As much as you might want to start flexing on your foes as soon as you step onto the courts, the likelihood is that a lot of your time in the game is going to be spent fumbling around unless you’ve practiced your fundamentals. One of the beauties of basketball is that those fundamentals, like dribbling and shooting, are really easy to pick up, but actually getting good at them takes skill. Here, we’re going to look at the drills you should master if you’re really looking to improve your game.
Figure 8 drills
Spread your legs out far. Starting from the front, bounce the ball diagonally through your legs, catching it with your opposite hand. Bring the hand around to the front and continue the motion in the opposite direction, keeping the motion going in a figure 8. Switch it up, moving from bouncing the ball to instead passing it directly from one hand to the other. Effectively, this helps you learn how to maneuver and dribble ball in and out of tight spaces, which is essential when you’re trying to create space and bypass defense.
One anyone can do, provided you’re in a space where it’s easy to catch the ball if it gets out control. Simply spread your legs slightly wider than your shoulders and lock your knees. Bounce the ball at a slight angle between your legs, catching it with the other hand and then bounce it back. The aim is to get comfortable and start increasing your speed, which improves your control of the ball, especially for dribbling at speed.
Place three cones in a line, five yards apart from each other. The first drill you can do with this is running figure eights from one end to the other, looping past the middle and around the ends. The other is to stand over the middle, run to one side, touching the cone with your forward hand, then back to the other end to touch that cone with your other hand. These drills improve your agility, helping you turn on a dime, and increase your flexibility to reduce your chances of injuring yourself on the court.
Sprint and free throw
This is another one you can do alone, providing that you have your own basketball hoop or a court you can visit easily enough. Rather than simply standing at the free throw line, sprint from one end of the space you have to the other, taking a free throw shot when you get back to the line immediately. It practices you free throw ability but, most importantly, emulates the kind of condition you’re likely to be in when it’s actually time to take a throw in game. You’re probably not going to be at 100%, since you’ve been playing ball up until that point.
Jump shot from dribble
If you have your own hoop, practice dribbling the ball at different angles and taking jump shots. You want to take shots from both left and right, at 8 feet, 12 feet, and 18 feet. Practice it from different dribbling speeds, as well. It will give you a good sense of where you’re at your strongest, and help you better gauge the distance and angle to shoot from when in place, helping you avoid some of the situations where you’re least likely to succeed, while continuously improving. With free throw and jump shot drills, make sure to keep score of how many you miss and how many you take.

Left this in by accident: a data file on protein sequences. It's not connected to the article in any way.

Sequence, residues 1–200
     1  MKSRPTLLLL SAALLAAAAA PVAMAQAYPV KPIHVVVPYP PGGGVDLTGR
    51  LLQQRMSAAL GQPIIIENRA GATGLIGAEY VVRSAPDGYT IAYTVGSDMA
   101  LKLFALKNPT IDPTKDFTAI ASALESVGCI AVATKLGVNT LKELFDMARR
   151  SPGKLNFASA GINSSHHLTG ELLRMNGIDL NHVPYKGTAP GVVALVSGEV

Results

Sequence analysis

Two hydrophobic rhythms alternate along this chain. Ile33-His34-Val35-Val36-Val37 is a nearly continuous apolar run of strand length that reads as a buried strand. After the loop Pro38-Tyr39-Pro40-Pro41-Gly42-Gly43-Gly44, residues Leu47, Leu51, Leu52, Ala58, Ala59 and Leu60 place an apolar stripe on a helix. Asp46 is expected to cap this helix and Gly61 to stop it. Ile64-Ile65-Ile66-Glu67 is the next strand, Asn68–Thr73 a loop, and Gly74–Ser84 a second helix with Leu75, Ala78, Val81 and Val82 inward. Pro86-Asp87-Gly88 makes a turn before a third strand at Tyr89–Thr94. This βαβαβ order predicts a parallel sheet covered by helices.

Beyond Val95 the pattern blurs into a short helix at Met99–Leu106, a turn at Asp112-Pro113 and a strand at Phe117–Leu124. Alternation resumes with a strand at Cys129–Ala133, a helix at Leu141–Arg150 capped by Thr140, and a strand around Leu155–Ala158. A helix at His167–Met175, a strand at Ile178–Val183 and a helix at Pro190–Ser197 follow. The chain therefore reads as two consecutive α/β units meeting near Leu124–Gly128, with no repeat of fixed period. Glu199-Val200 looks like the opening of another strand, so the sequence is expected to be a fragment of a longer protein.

Interval sprints and jogs
Basketball is a game played at two speeds, but one that involves near continual movement for around 50 minutes. If you’re not able to match that pace, then working on your cardio is essential. The best way to do this is to sprint for 2 minutes at a time, hard enough to get you breathing hard but not out of breath, then to lightly jog for a minute. Do this for 30-50 minutes, working your way up to the latter mark. It will help you stay in the game and be able to tap into that extra speed and energy when you need it most.
Two ball dribbles
Sure, you can dribble just fine under the conditions of practicing alone in your back yard or the court. However, the best dribblers can do it at any time, position, and place. You need to be as comfortable as you can with the ball in either hand and you need to be able to do it under pressure. Two ball dribbles are the best way to do that, but you need access to a court. Start from the baseline, dribbling to half court with both balls hitting the floor at the same time. Speed up as you go and, as you get more comfortable, add cones to navigate around.
Passing is a skill that, of course, requires two players to be a success, but that doesn’t mean that you can’t practice it on your own. Mark a target on the wall, whether it’s sticking a bullseye there or marking an “X” with tape. You want it to be around your own mid-chest height. Practice passing hard at the X, with enough power to bounce it back to yourself. If you can’t catch it, you’re bouncing it too hard. Start out at five feet, until you can repeatedly succeed, then step back and do it again. If it gets to the point that you can’t possibly catch it, then start taking steps closer to the X instead. You want to get to the stage where you can consistently move in and out without missing a pass.
Mastering your drills is essential, allowing you to progress to the next stage in your game. Once everything is muscle memory, that’s when you stop focusing on it mid-game, instead of getting into the mind games. Anticipating your opponents, planning the next three moves, and being able to react is where the game really starts to heat up. But first, you have to work on the drills mentioned above.